Lets face it, Moto GP has never been as popular as its rich boy cousin, Formula One. As a result, there are only two current games based upon the sport. One is Moto GP on the PlayStation 2 and the other is MotoGP for the Xbox. Naturally, this causes a lot of confusion with people assuming it's the same game for different systems.
For those not in the know, Moto GP is just like Formula One except, obviously, on bikes. If anything this makes things a lot more exciting as balancing on two wheels can, at times, be a lot harder than raqcing on four. If you want to get full enjoyment out of this title, you will have to put a lot of time in. With the driving aids turned off, the game can be very unforgiving. Off course being the uber gamer that I am, the first thing I did was pick a 500cc bike and turn off all aids. Needless to say, I fell off no less than four times on the first corner.
Whilst I do recommend turning the aids off and simulation mode on, I do not recommend starting on such a powerful bike. 125cc races have been added to Moto GP 4 and they are a great place to start if you haven't played any previous games in the series. To get anywhere in this game you will have to master the art of early breaking and throttle control. It may take a few goes before you can do an entire lap without leaving the track but when you do get those corners right it's damn satisfying!
The realistic handling is further complimented by the camera views included in the game. Whilst watching your character shift his weight about does look pretty cool, I recommend switching to first person view for a more realistic experience. My two favourite angles would be the helmet cam and the bike mounted viewpoint if you really want to feel the leaning action. Just be warned, stick to the 3rd person view if your one of those poor souls that suffer from motion sickness. Oh and manual shifting is essential!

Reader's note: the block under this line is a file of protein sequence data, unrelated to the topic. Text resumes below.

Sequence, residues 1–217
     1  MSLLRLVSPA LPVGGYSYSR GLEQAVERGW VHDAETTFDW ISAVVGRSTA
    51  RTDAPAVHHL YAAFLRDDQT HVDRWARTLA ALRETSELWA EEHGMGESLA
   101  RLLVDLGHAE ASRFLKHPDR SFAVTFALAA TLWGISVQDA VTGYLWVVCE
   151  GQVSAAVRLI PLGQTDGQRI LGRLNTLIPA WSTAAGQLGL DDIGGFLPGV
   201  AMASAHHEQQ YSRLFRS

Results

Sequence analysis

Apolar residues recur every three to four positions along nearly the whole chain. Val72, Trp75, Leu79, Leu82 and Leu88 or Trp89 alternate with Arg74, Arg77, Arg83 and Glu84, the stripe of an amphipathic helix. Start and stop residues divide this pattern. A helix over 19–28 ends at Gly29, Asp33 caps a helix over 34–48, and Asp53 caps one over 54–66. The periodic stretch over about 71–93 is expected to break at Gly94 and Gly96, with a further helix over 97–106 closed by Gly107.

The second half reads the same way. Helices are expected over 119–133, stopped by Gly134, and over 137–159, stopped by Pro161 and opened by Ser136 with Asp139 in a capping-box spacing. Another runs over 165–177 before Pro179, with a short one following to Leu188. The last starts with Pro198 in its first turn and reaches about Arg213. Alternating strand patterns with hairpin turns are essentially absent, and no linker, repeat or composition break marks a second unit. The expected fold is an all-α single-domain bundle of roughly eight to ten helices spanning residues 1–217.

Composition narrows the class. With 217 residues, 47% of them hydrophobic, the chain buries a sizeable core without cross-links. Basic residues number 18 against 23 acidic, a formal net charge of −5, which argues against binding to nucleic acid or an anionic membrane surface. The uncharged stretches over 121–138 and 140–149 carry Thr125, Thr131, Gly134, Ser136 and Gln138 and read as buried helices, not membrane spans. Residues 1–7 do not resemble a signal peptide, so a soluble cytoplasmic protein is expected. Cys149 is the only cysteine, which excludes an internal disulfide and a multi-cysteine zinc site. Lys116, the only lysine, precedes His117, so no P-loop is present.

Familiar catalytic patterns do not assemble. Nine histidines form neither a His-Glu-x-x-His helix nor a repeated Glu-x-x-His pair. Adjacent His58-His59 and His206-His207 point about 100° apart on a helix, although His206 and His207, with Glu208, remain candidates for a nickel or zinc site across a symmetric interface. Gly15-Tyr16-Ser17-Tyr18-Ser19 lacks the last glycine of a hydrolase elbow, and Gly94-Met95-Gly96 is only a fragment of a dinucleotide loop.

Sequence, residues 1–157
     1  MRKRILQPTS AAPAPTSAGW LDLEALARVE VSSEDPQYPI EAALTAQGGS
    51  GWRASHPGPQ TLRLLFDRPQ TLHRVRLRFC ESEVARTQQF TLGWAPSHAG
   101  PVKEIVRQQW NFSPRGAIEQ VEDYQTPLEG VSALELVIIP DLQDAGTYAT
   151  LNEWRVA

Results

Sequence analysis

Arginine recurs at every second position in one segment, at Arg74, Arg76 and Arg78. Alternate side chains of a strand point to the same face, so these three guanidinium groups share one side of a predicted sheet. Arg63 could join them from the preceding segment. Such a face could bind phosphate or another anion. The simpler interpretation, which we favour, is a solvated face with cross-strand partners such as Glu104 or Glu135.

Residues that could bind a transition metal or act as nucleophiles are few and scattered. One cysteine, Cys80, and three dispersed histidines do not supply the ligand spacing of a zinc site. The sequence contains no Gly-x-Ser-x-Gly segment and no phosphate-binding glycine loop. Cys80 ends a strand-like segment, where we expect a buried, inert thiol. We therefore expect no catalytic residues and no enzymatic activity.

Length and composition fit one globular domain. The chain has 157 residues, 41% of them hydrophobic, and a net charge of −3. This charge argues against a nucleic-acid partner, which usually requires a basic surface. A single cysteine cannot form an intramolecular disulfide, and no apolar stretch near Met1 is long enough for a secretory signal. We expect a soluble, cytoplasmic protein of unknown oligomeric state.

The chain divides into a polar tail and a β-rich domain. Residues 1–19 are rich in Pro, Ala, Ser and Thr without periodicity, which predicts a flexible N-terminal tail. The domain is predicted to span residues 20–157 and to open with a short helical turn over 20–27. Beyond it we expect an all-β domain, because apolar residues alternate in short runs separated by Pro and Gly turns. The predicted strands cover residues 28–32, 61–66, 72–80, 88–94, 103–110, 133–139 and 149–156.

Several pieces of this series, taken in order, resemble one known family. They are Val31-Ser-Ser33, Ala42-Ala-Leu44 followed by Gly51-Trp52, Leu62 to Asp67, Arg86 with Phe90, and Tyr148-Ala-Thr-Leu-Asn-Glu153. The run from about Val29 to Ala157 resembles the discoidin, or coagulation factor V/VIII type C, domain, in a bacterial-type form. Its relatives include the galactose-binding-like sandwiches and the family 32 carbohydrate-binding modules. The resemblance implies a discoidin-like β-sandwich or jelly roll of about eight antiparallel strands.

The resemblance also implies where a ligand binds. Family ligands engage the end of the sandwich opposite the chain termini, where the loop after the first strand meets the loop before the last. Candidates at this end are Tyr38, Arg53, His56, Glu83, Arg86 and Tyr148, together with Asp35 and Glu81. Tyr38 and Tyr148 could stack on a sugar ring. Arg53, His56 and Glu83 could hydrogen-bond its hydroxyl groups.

Because of the escalating popularity of the Moto GP (The recent F1 PR disaster may also add to this), the Moto GP series has been brought up to F1 standards with features. The game features all the tracks from the current season, including the China circuit. The career mode is beautifully bloated with the kind of depth you'd expect from a car racing game. It fully covers a drivers career with contract options if your good enough. You even get to try out new parts between races, if you complete the challenges you get to keep the new tech. This is rewarding and helps to break up the race by adding some variety.
Graphically, I found this game rather average. Sure the other racers look realistic and are well animated but the track textures and background object are a little sparse. Then again it is realistic and you'll be a little more concerned about the next corner rather than how pretty things are. Still, I feel there could have been slightly more gloss.
Whilst I have to say, before now, I have preferred Climax's MotoGP series, the fourth instalment of Moto GP really does give it a race for its money. Featuring more options and features than a bikers wet dream, this is the most complete Moto GP game yet. It will be interesting to see if the upcoming MotoGP can better Namco's latest effort.